Mark Kernes reports for AVN: “The adult industry will have to wait until at least December 4 before finding out if the relationship between producers and talent will undergo a revolutionary change, thanks to a legal case that’s been nine years in the making.”
Dear reader, I’m sitting at home and studying Shakespeare. Please don’t bother me with these tawdry porno stories.
While you’re at it, when it was released, I paid top dollar for “The World’s Biggest Anal Gangbang (herein referred to as “CRAP”)” I subsequently felt VERY misled by the “CRAPs” “implied” contents, and thereby suffered damages due to my inability to reach orgasm over said “CRAP,” in the process doing great harm to my mental well being.
Just look at me now!
Can we get goat lawyer to delve into warranty and merchantability since I’m sure the average porn viewer would also feel the same, a consensus of “it sucked ass” would greatly enhance my chances of a full refund.
Only then could I possibly go on living a full and meaningful life.
Steve York posts:
Its not the “porn” industry itself that has to really worry about this in my opinion; its only a matter of time before enough talent gathered together and demanded this or a court decision came down because of an infection or set accident. The “independent contractor” status has been on the verge of extinction for years (in California at least).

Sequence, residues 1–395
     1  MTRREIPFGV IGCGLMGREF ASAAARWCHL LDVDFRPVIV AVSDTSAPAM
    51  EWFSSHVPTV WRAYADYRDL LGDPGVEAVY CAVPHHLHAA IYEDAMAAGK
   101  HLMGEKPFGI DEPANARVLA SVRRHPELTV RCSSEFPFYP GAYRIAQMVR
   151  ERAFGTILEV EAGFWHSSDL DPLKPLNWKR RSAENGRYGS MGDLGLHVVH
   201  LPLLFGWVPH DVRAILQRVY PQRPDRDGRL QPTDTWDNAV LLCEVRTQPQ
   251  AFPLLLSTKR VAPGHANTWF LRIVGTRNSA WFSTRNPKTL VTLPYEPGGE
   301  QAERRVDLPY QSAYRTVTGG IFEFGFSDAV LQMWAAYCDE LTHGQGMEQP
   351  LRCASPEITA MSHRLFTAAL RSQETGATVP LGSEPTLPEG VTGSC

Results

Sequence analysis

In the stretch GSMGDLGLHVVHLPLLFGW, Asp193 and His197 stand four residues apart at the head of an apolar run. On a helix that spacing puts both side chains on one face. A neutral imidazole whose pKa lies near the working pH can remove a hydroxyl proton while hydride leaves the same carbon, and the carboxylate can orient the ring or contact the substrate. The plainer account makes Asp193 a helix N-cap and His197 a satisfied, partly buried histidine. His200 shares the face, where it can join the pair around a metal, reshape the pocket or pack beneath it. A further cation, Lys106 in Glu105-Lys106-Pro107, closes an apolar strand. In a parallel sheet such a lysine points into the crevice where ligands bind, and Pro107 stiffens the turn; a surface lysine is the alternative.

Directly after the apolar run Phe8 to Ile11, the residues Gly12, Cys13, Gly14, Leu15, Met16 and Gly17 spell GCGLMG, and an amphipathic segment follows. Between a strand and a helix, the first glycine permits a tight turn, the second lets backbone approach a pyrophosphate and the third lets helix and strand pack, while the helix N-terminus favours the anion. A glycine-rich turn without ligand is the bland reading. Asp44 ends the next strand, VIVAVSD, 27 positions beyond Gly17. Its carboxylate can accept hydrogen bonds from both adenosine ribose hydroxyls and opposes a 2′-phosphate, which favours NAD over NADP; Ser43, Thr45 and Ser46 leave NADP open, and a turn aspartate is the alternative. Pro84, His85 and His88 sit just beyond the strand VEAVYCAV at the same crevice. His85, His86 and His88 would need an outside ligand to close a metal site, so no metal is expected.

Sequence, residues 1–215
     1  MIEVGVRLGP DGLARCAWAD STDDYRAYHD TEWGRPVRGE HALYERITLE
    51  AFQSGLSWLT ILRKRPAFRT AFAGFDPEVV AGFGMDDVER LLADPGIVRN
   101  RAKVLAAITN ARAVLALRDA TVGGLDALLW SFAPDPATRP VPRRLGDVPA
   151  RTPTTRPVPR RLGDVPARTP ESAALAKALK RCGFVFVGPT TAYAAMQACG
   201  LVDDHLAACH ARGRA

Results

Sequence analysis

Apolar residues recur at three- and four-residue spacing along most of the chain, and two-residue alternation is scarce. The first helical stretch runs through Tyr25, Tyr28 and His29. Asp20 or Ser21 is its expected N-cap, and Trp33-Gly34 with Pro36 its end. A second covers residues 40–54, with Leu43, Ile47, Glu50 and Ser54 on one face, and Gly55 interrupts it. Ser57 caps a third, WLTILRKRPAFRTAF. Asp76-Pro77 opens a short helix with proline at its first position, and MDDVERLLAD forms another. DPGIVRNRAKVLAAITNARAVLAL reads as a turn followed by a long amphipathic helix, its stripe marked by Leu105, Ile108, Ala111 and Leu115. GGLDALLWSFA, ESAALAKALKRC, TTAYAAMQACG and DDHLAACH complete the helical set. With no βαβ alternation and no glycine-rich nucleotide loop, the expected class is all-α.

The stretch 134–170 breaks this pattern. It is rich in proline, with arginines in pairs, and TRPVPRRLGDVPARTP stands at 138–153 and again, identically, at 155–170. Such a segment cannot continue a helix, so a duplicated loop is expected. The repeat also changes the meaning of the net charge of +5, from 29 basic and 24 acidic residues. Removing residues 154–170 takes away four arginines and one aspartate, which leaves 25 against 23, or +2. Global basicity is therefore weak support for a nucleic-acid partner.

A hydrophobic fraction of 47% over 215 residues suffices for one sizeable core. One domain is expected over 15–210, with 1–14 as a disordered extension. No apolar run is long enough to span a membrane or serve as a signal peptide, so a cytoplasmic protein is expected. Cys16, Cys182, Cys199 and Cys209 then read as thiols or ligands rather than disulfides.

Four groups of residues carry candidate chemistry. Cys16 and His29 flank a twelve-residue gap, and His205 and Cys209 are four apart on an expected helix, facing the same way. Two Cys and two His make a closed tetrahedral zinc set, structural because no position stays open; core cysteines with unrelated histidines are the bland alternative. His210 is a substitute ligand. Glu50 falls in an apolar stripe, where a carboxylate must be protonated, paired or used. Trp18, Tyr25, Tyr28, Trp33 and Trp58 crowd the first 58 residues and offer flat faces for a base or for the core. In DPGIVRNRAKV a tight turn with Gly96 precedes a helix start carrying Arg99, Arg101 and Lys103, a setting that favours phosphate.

Realistically in California how many active male and female “stars” are there? 800-1200 at any given time? I think it would be much easier to deal with them given its a relatively isolated group and easy to track down (with what, 10 different talent agencies representing 80% of them?). I’d like to hear numbers proposed for the cost per scene to insure and what type of costs would be involved with the health benefits if the “independent contractor” category is abolished.
I think the effect on the “porn” industry would be minimal to the type of upheaval and chaos this would cause at California strip clubs. Its my understanding almost all strippers work as “Independent Contractors” within California (and across the country). There are strip clubs in almost every city in California with TENS of thousands of dancers.
Or consider the fact that California strip clubs are still *very* heavily mob and organized crime influenced; this will not bode well with them when they’re forced by the state government to cut into their profits.
I saw a documentary on this and independent contractors a few months ago (after coming off traveling the strip club circuit and seeing all these issues first hand and up close); I can’t remember the name for the life of me but it was about a group of San Francisco strippers at the Lusty Lady who attempted to unionize to avoid the “independent contractor” status. Pretty informing about the issue, but its a few years old so it seemed slightly outdated by the time I saw it.